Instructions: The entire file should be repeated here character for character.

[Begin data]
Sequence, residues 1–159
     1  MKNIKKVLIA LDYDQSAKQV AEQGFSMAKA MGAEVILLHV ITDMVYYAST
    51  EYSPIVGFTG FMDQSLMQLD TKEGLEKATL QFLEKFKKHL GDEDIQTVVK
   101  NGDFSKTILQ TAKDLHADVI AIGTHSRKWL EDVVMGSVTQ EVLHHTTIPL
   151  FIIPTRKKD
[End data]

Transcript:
Sequence, residues 1–159
     1  MKNIKKVLIA LDYDQSAKQV AEQGFSMAKA MGAEVILLHV ITDMVYYAST
    51  EYSPIVGFTG FMDQSLMQLD TKEGLEKATL QFLEKFKKHL GDEDIQTVVK
   101  NGDFSKTILQ TAKDLHADVI AIGTHSRKWL EDVVMGSVTQ EVLHHTTIPL
   151  FIIPTRKKD